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Prospective study of necropsy audit of geriatric inpatient deaths.
  1. D A Paterson,
  2. M I Dorovitch,
  3. D L Farquhar,
  4. H M Cameron,
  5. C T Currie,
  6. R G Smith,
  7. W J MacLennan
  1. Department of Pathology, University of Edinburgh Medical School.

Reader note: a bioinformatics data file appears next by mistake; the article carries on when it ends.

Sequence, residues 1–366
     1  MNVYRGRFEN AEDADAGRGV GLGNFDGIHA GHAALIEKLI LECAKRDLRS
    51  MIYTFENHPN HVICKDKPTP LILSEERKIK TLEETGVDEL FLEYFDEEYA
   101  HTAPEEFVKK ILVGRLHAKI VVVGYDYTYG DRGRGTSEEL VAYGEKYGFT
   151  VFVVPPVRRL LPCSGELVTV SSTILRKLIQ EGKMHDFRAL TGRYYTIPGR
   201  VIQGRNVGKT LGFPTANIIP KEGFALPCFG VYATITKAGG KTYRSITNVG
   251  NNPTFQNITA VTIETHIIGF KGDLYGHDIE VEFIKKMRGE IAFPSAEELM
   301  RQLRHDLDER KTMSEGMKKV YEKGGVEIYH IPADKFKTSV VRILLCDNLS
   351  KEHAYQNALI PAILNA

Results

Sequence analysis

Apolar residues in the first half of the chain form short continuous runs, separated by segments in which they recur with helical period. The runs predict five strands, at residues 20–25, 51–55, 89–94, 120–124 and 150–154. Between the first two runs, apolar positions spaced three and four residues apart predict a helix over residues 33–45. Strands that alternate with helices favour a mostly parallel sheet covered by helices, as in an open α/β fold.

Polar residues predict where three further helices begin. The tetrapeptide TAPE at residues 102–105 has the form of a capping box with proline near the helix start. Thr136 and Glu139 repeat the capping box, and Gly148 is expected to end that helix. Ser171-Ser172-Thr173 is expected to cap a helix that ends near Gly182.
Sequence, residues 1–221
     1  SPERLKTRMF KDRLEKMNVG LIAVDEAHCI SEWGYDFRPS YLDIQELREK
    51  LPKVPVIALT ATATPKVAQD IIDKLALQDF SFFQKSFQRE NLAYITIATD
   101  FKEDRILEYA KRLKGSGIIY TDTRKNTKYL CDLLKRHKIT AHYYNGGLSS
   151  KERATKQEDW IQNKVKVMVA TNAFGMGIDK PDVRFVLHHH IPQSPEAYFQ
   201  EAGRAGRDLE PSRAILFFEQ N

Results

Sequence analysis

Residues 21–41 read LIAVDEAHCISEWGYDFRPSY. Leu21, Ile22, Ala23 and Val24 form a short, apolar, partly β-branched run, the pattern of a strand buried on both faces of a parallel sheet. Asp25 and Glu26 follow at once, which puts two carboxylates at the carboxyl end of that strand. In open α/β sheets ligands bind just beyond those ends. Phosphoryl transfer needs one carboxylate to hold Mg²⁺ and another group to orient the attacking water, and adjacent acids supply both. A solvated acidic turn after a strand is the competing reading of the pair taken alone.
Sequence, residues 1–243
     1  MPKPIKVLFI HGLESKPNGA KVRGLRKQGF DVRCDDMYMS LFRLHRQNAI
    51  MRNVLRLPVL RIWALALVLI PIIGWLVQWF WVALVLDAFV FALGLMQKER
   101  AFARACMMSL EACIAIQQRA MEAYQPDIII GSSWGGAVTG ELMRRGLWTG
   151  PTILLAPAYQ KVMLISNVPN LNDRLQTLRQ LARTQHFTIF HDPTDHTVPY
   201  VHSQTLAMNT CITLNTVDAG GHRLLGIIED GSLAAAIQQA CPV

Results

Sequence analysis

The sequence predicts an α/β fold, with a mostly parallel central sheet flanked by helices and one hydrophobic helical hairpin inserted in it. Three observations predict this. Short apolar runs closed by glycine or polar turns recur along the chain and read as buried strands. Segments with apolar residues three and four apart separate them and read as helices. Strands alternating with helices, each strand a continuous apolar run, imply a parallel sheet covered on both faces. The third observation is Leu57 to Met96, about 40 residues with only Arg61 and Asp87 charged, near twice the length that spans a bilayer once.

AIMS: To evaluate the accuracy of clinical diagnosis by specialists in geriatric medicine and to compare this with a previous study involving non-specialists. METHOD: Clinical and necropsy diagnoses from consecutive hospital inpatient deaths from the University Department of Geriatric Medicine were analysed for discrepancies at regular audit meetings. Three main categories of diagnosis were considered and any therapeutic implications discussed. RESULTS: Between 1987 and 1989 necropsies were performed on 100 patients (38 men, 62 women, aged 63 to 99 years) from a total of 207 deaths, a necropsy rate of 50%. There was complete agreement between necropsy and clinical diagnoses in 32% of cases. Disagreement involved the main diagnosis in 28%, contributory conditions in 32%, and cause of death in 34%. In 10% of cases the diagnostic discrepancy was considered therapeutically important. Specialist geriatricians correctly diagnosed the main diagnosis in 72% of cases; non-specialists in the previous study were correct in only 47% of cases. CONCLUSION: Specialist geriatricians diagnose elderly people more accurately than non-specialists. But rates of misdiagnosis are still significant and necropsies continue to be a useful form of audit.

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